The Air Force Fitness Program assesses your fitness in four areas: aerobic (running), body composition, push-ups and crunches. Your scores in each area are based on your age, gender, body measurements, amount of repetitions or elapsed time.
The Aerobic fitness test is a 1½-mile timed run. For a 17- to 25-year-old male, the score ranges from zero for a 21:30 elapsed time to 50 points for running it in less than 9:36.
Body composition test
The body composition score is determined by measuring the abdominal circumference and comparing the measurement to a body composition point chart. A 17- to 25-year-old male with a 36-inch waist would get a score of 22.20 for this area.
Note: To measure abdominal circumference, place a measuring tape in a horizontal plane around the abdomen at the level of upper hip bone. Before reading the tape measure, ensure that the tape is snug but does not compress the skin and is parallel to the floor.
Push-ups are done in a one-minute time period. For a 17- to 25-year-old male, the scores range from zero for less than eight push-ups to 10 points for 62 or more.
The crunches test score is based on the number of repetitions counted during one minute. For a 17- to 25-year-old male, the score ranges from zero for less than 27 crunches to 10 points for 55 or more.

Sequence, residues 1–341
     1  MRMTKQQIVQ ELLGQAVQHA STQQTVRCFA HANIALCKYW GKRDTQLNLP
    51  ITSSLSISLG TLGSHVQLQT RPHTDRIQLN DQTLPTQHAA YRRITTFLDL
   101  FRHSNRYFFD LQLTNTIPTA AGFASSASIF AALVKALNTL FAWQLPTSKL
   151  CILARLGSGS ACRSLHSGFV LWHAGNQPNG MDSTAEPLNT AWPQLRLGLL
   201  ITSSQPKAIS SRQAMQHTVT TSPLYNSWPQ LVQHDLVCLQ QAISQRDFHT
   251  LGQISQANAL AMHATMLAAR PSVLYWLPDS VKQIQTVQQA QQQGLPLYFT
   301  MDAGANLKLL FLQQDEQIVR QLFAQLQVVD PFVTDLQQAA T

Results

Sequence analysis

Your aerobic, body composition, push-up and crunches scores are added to give you a fitness rating. The Air Force fitness ratings are as follows:
90 or above
Less than 70
Example: A 25 year-old male with a 36-inch waist, who runs the mile-and-a-half in 13 minutes, does 41 push-ups and 41 crunches would receive a "marginal" fitness rating.
Fitness ratings are used to determine how often an airman must retest. Those who score in the "excellent" or "good" categories are retested annually. Those who score in the "marginal" or "poor" categories are retested every three months. In addition, those in the marginal category are required to attend a healthy living workshop, while those in the poor category will be required to attend the workshop and participate in a fitness improvement program.
To max out your score on the Air Force Fitness Program, you will need to commit to a regular workout routine.
Stew Smith, Military.com's tactical fitness expert, will teach you to develop your own personal workout routine. PT programs to train for the Air Force fitness test can be found in the following Military.com links:
Other related Air Force fitness-related articles:
- Air Force Basic Training PFT Requirements
- Air Force Fitness and Weight Standards
- Air Force Pre-Boot Camp Workout
- Performing for the Special Forces
- Physical Fitness Test Anxiety
- Prepare for Air Force Special Forces - PJs and CCT
Stew Smith is a former Navy SEAL and fitness author certified as a Strength and Conditioning Specialist (CSCS) with the National Strength and Conditioning Association. Visit his Fitness eBook store if you're looking to start a workout program to create a healthy lifestyle. Send your fitness questions to firstname.lastname@example.org.
Want to Learn More About Military Life?
Whether you're thinking of joining the military, looking for fitness and basic training tips, or keeping up with military life and benefits, Military.com has you covered. Subscribe to Military.com to have military news, updates and resources delivered directly to your inbox.